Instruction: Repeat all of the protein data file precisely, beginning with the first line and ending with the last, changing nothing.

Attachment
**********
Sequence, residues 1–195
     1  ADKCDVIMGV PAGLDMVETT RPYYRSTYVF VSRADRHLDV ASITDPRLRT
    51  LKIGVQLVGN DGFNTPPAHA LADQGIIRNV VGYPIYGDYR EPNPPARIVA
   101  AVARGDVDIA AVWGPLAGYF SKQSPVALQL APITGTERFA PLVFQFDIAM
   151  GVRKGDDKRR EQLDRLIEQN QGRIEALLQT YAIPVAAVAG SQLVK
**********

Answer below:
Sequence, residues 1–195
     1  ADKCDVIMGV PAGLDMVETT RPYYRSTYVF VSRADRHLDV ASITDPRLRT
    51  LKIGVQLVGN DGFNTPPAHA LADQGIIRNV VGYPIYGDYR EPNPPARIVA
   101  AVARGDVDIA AVWGPLAGYF SKQSPVALQL APITGTERFA PLVFQFDIAM
   151  GVRKGDDKRR EQLDRLIEQN QGRIEALLQT YAIPVAAVAG SQLVK